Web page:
Lupercalia is uniquely Roman. Each year on February 15, the Luperci priests gathered on Palantine Hill at the cave of Lupercal. Vestal virgins brought sacred cakes made from the first ears of last year’s grain harvest to the fig tree. Youths donned loincloths made from the skin of the goat and led groups of priests around the pomarium, the sacred boundary of the ancient city. The occasion was happy and festive. As they ran about the city, the young men lightly struck women along the way with strips of the goat hide. It is from these implements of purification, or februa, that the month of February gets its name. This act supposedly provided purification from curses, bad luck, and infertility. Roman armies took the Lupercalia customs with them as they invaded France and England. One of these was a lottery where the names of available maidens were placed in a box and drawn out by the young men. Each man accepted the girl whose name he drew as his love – for the duration of the festival, or sometimes longer.
Lupercalia, with its lover lottery, had no place in the new Christian order. In the year 496 AD, Pope Gelasius did away with the festival of Lupercalia, citing that it was pagan and immoral. He chose Valentine as the patron saint of lovers, who would be honoured at the new festival on the fourteenth of every February. The church decided to come up with its own lottery and so the feast of St. Valentine featured a lottery of Saints. One would pull the name of a saint out of a box, and for the following year, study and attempt to emulate that saint. During the medieval days of chivalry, the single’s lottery was very popular. The names of English maidens and bachelors were put into a box and drawn out in pairs. The couple exchanged gifts and the girl became the man’s valentine for a year. He wore her name on his sleeve and it was his bounded duty to attend and protect her. The ancient custom of drawing names on the 14th of February was considered a good omen for love.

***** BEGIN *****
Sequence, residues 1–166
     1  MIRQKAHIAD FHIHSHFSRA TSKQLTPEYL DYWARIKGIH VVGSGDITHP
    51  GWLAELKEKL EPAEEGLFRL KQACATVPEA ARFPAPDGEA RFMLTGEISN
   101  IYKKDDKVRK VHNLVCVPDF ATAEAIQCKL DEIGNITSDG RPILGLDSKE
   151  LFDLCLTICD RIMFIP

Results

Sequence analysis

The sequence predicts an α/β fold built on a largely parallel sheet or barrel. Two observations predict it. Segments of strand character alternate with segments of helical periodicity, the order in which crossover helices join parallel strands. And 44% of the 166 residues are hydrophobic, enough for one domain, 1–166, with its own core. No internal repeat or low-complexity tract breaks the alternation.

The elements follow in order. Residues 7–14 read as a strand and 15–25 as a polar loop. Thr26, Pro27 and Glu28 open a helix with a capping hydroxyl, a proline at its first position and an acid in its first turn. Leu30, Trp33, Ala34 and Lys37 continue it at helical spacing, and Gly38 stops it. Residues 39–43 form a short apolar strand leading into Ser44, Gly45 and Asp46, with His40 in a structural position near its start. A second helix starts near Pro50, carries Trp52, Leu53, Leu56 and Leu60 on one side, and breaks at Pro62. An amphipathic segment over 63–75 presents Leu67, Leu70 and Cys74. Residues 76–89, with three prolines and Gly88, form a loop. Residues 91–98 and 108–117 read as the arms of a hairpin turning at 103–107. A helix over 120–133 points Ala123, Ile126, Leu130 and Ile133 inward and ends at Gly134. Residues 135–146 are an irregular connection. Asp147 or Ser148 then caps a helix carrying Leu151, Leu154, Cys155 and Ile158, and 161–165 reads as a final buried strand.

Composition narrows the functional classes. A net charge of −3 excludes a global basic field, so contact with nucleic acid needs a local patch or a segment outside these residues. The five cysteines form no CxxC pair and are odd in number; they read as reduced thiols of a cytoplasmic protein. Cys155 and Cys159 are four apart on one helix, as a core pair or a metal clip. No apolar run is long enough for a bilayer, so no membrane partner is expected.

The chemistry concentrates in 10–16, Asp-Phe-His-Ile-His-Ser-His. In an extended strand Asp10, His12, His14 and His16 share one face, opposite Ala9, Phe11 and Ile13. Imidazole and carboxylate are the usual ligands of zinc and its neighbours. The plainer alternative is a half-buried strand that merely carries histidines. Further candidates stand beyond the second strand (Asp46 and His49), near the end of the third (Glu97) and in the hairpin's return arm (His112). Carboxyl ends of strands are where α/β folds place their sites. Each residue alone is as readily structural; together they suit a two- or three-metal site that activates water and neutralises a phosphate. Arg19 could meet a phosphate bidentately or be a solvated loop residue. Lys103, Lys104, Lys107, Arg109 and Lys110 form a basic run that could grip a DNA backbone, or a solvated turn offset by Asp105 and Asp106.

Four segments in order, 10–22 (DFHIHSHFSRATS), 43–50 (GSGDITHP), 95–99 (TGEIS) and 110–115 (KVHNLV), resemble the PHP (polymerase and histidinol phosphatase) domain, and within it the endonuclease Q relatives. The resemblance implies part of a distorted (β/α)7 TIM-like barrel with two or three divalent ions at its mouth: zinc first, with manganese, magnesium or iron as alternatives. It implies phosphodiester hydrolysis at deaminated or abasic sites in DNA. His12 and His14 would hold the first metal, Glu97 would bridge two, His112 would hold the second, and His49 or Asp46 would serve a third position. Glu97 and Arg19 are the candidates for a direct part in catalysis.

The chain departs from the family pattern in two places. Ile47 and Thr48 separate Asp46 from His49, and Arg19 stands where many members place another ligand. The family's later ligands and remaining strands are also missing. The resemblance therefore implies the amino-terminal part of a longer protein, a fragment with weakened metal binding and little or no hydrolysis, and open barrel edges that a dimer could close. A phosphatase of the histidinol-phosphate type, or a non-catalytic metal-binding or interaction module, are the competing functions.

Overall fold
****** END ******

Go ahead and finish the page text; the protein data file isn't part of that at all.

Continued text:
By the 17th century, handmade cards had become quite elaborate. In 1797, a British publisher issued sentimental verses for the young lover suffering from writer’s block. Printers began producing a limited number of cards with verses and sketches, called “mechanical valentines,” and a reduction in postal rates in the next century ushered in the practice of mailing valentines.



  1. A very interesting piece of history! Especially the lover-lottery! By the way, could this due to women’s lack of the same status as men at that time? and this day has become some sort of a one-night-stand here in big cities.

  2. This is the half of the history of Valentine’s Day I was never told! Growing up as a Roman Catholic, I was only taught about St. Valentine who was martyred with multiple arrows by the Romans, which purportedly explained the little cherub and his heavenly sling-shot and the valentine with the pierced heart forever pining for love of God.

    It does seem history suggests that Rome’s original version has had more staying power than the version derived by Roman Catholicism.

  3. I’ve read many versions of Valentine but never heard about this before. Very interesting. Nowadays, Valentine’s Day is used as a marketing strategy to make money.

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